Spoon have been borrowing from The Rolling Stones their entire career. But there’s something about the way ninth album Hot Thoughts resembles the Stones 1978 classic Some Girls that’s hard to shake. From the 10-track, 40 minute running time to the sexy disco swagger of each record’s opening track and lead single, there’s an undeniable parallel.
That’s a good thing and Hot Thoughts is perhaps Spoon’s best single to date, even if it does owe a debt to Miss You. For a band that’s made a living producing critically acclaimed, consistently great “albums”, Hot Thoughts stands out on the radio like nothing they’ve done before.
It also gives the record a slightly top-heavy feel. That’s not to say this isn’t another terrifically consistent album from Spoon, it’s just the only other track that’s quite as good as Hot Thoughts is the one experimental counterpoint, Pink Up, which also slides into the front half. Add electronic highlight WhisperI’lllistentohearit at track two and you’ve got the most frontloaded Spoon album to date.
You’ll probably hear Hot Thoughts described as Spoon’s electronic album, and perhaps that’s true, but more than that it’s their most production-heavy, synth-laden record. Where previously they interspersed minimalist arrangements with infrequent bursts of white noise and spaced out effects, here producer Dave Fridmann generates a consistent sound that pushes synth whiz Alex Fischel to the fore and eliminates much of Spoon’s signature rawness and leftfield sound.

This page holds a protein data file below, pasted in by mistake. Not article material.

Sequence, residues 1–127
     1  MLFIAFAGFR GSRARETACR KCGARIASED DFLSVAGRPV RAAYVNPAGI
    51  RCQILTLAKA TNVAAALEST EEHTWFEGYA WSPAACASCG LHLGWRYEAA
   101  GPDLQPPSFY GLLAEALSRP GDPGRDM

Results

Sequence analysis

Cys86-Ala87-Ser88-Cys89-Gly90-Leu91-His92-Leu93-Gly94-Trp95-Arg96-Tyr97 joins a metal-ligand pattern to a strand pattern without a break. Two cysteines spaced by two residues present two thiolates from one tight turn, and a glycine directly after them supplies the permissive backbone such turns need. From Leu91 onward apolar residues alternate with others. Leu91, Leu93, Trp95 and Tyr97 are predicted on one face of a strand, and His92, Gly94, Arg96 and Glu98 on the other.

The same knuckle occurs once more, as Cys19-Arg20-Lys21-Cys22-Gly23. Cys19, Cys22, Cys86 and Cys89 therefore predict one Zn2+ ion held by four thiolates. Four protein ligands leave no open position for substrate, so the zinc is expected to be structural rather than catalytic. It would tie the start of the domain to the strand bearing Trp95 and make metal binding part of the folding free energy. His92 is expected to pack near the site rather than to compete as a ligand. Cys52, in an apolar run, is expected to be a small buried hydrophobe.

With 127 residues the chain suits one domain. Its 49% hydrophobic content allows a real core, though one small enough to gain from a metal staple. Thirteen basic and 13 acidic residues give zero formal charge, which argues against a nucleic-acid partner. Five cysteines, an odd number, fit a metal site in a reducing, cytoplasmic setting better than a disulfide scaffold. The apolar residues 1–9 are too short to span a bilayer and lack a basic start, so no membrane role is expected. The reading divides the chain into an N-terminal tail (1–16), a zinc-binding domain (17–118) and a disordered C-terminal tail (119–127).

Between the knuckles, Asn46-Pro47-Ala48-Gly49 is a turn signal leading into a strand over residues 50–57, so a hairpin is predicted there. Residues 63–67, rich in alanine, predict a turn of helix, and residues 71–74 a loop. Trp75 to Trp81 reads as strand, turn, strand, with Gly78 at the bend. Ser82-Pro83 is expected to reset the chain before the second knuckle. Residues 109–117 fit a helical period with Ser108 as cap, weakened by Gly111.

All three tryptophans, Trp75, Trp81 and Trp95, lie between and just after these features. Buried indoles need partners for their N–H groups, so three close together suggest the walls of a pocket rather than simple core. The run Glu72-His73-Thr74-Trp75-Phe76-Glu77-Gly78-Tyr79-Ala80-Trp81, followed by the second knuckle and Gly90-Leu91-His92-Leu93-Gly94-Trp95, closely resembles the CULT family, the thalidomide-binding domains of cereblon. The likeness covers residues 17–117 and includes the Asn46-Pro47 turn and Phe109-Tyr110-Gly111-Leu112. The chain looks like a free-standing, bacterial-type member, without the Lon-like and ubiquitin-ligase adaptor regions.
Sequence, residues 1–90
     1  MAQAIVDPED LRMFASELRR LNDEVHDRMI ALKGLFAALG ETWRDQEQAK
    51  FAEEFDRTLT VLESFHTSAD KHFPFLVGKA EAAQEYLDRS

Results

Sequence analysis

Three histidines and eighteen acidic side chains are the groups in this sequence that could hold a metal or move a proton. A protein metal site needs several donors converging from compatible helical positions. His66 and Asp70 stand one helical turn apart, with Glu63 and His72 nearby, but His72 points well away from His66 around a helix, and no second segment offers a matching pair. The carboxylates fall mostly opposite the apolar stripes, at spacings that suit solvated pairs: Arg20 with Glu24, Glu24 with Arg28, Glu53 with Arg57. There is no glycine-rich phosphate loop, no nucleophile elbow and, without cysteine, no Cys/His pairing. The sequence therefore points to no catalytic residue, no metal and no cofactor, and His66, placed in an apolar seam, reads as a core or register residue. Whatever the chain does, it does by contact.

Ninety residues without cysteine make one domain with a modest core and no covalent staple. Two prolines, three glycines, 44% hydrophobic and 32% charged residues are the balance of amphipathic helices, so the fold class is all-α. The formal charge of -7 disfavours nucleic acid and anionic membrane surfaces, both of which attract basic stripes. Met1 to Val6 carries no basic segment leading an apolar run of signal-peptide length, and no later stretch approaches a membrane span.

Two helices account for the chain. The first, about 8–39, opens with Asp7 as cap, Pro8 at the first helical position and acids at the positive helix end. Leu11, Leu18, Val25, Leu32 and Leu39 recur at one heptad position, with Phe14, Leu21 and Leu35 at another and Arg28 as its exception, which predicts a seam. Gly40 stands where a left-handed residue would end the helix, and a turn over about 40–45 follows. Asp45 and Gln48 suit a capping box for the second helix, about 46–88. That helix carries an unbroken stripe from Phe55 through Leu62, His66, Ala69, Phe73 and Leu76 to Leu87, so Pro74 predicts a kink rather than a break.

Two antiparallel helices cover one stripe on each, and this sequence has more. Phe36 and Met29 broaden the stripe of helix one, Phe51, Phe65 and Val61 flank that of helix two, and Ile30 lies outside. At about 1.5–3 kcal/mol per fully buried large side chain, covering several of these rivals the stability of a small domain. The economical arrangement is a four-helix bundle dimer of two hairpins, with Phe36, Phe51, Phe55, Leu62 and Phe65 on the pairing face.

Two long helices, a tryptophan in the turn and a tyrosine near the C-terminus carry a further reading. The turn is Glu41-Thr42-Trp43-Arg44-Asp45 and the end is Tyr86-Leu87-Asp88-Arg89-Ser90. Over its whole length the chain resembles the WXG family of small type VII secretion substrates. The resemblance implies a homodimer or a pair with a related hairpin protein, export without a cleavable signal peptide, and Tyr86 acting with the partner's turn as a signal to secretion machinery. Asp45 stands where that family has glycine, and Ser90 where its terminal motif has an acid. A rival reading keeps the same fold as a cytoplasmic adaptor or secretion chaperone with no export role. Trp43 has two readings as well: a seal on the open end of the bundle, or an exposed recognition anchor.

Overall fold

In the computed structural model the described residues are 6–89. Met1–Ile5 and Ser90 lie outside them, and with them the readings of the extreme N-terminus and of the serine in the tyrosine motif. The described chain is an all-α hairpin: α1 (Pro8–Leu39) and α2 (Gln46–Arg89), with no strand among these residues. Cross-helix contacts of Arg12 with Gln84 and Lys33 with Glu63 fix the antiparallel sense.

And of course, Spoon’s experimental side owes a lot to The Beatles. From the John Lennon-indebted Knock Knock Knock off 2014’s They Want My Soul, to Ga Ga Ga Ga Ga’s masterpiece The Ghost of You Lingers, to pretty much all of 2010’s underrated gem Transference, it’s always felt like Spoon had an uncanny knack for balancing singer Britt Daniel’s rock and roll fixation with The Beatles’ pop experimentalism.
They certainly have the taste to pull off a love affair with both, but here it feels like the Beatles have been traded for a more modern, shiny production – for a time when only the Stones still exist.
What’s perhaps lacking is one of Daniel’s lyrical tour de forces in the mould of Out Go the Lights or I Summon You. Admittedly the piano-led I Ain’t the One is a natural successor to the latter, it just never manages to connect in the same way.
But for anything fans might miss, there’s usually a fresh moment such as the sax-led, instrumental closer Us that comes from way outside Spoon’s usual comfort zone and keeps Hot Thoughts sounding fresh. Much like Some Girls did in ’78.
If the overarching issue of David Fridmann’s big production is it dampens that trademark Spoon raw appeal, it’s at least a logical progression and fans of tracks such as Outlier and New York Kiss from They Want My Soul will find plenty to get excited about.
And let’s not shy away from the likely logic behind it all – this is going to sound huge in concert.